Ramps are elusive creatures -- staunchly seasonal, local and wild in ways few foods can claim to be anymore. After posting this week's contest theme, we realized that even among the fast-growing cult of ramp aficionados, questions remain about the coy little plants. To better understand them, we talked with Hubert McCabe, a seasoned ramp forager and farmer at Windfall Farms in Montgomery, New York.
The entire length of a peak-season ramp (technically a wild leek) is tender and edible and has a more nuanced oniony quality than standard grocery store leeks. Ramps grow in wild clumps in the woods of the Eastern U.S. and don't take well to traditional farming. "They're like a present," McCabe says. "You stumble on them, and nobody will tell anybody else where their secret spots are."
But it's not difficult to spot them, if you know what to look for. Budding ramps are the first green growth of spring, when there's little other canopy or ground cover. McCabe notes they have an almost neon coloring compared to their surroundings, still in winter's lingering shades of brown.
They're now reaching the apex of their roughly 6-week season in the New York area -- the bulbs have swelled but the leaves are still tender. Within a couple weeks, the greens will become tougher and less palatable and the bulbs will split off into bulblets (like cloves of garlic) that will become next years' ramps. Because of this, McCabe stresses the importance of harvesting them sustainably, leaving enough behind to spur next season's crop.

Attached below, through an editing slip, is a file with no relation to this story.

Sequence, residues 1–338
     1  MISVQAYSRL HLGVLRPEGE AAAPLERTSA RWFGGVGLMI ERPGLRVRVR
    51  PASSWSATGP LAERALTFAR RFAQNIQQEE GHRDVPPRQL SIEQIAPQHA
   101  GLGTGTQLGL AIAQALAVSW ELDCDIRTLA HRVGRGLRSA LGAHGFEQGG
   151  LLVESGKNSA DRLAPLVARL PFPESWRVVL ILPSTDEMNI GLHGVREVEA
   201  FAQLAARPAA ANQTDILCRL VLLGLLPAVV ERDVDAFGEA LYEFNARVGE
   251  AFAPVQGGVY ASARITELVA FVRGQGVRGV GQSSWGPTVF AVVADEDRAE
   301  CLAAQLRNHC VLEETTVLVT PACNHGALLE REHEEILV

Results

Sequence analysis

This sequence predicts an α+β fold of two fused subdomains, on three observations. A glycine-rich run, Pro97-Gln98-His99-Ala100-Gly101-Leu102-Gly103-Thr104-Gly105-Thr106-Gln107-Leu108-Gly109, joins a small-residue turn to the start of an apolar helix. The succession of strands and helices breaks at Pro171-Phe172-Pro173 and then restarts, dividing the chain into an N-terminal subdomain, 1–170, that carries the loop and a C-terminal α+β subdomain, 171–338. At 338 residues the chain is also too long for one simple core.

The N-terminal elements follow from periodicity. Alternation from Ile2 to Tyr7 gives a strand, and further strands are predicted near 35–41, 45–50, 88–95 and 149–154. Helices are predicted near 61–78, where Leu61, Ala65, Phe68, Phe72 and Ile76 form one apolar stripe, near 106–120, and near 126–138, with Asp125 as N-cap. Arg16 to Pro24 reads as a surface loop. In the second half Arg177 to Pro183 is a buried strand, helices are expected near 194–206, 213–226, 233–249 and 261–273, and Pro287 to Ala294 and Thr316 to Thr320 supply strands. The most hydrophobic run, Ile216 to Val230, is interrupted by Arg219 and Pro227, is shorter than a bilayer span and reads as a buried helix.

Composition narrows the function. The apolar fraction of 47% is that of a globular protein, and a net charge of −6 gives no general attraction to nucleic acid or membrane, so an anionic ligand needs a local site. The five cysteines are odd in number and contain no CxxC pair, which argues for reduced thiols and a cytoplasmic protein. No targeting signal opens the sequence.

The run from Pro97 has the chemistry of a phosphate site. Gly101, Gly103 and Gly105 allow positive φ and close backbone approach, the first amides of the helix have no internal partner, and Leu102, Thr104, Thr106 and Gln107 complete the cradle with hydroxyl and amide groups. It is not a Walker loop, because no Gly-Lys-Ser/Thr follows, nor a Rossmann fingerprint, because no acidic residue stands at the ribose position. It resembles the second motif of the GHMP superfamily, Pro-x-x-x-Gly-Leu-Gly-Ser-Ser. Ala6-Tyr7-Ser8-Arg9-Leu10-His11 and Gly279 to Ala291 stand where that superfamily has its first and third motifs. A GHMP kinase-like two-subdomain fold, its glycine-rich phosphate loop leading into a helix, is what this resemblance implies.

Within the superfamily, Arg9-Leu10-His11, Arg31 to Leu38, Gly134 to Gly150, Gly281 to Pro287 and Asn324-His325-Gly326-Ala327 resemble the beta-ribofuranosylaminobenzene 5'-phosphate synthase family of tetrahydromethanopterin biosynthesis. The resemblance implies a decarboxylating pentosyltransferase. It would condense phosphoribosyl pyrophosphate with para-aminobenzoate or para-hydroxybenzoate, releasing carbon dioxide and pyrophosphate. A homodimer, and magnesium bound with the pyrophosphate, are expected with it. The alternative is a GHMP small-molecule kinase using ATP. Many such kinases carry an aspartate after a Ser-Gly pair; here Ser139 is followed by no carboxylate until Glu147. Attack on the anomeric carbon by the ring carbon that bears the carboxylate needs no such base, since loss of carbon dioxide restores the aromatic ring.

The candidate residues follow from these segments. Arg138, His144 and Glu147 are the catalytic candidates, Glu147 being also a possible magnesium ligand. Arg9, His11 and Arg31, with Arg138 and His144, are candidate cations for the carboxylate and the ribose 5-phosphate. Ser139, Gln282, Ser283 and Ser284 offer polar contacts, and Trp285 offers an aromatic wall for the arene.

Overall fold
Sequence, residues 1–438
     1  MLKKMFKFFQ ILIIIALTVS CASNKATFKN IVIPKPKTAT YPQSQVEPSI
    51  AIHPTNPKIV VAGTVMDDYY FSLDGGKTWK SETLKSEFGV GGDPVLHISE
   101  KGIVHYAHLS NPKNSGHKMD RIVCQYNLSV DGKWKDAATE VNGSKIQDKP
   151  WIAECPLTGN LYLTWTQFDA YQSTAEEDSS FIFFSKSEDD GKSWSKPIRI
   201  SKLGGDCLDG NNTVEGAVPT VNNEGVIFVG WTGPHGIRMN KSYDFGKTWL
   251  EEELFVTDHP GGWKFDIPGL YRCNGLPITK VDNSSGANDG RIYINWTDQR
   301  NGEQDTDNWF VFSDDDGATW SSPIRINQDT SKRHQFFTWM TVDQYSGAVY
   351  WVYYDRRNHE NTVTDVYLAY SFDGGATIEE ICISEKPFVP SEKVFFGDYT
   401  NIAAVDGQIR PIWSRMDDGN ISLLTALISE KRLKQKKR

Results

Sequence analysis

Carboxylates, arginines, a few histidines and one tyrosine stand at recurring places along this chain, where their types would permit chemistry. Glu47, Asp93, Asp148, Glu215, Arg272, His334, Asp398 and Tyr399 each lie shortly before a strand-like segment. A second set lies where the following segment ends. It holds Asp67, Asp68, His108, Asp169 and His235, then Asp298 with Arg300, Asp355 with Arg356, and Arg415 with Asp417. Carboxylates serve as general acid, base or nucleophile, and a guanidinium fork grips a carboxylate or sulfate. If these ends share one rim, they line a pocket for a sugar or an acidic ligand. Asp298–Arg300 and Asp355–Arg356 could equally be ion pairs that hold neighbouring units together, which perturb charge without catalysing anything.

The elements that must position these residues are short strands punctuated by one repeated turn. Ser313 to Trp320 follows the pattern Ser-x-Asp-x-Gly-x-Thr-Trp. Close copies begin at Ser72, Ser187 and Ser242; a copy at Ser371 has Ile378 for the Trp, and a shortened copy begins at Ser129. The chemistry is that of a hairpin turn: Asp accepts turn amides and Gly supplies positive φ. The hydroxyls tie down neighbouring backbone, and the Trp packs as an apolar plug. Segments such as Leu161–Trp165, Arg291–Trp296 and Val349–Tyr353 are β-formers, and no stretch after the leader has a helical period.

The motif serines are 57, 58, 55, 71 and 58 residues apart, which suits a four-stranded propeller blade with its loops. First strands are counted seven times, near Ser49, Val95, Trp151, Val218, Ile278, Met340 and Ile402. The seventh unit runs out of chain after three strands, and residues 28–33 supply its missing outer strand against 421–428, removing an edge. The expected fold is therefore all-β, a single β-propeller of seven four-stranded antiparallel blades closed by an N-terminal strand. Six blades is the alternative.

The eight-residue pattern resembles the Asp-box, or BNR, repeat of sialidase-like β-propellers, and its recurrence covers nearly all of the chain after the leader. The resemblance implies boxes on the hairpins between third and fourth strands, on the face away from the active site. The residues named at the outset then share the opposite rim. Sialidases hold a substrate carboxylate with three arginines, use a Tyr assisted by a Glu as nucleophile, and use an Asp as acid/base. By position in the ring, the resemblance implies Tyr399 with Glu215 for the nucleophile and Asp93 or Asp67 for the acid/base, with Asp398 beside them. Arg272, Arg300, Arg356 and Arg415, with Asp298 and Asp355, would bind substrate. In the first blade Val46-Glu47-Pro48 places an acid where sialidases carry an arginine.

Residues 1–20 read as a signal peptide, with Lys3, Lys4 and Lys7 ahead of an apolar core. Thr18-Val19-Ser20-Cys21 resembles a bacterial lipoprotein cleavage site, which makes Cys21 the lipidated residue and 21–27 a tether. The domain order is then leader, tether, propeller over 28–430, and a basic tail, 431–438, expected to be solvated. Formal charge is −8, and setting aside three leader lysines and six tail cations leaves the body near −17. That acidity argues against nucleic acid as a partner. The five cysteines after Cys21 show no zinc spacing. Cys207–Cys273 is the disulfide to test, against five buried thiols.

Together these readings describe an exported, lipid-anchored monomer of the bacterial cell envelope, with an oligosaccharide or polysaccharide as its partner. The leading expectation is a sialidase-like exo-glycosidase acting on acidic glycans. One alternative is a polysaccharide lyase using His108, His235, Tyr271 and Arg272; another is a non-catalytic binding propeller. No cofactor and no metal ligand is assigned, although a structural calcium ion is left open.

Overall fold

Each Wednesday and Saturday, McCabe and other farmers from Windfall bring upwards of 150 bunches of ramps to the Union Square Greenmarket in Manhattan, and at $5 a pop, they sell out by 11am. Chefs and savvy home cooks clamor for ramps as others would tickets to a Lady Gaga show or the last iPad.
"It's hilarious," McCabe says. "I think it's great, because it helps to further connect New Yorkers to the fact that they actually live in an environment. The very finite nature of ramps ties them to a distinct bioregion with distinct weather patterns, as opposed to when we get people asking about tomatoes on the first day of March. In that regard, I think it's fantastic."
In season, McCabe eats a lot of ramps. Here are a few of his favorite ways to prepare them: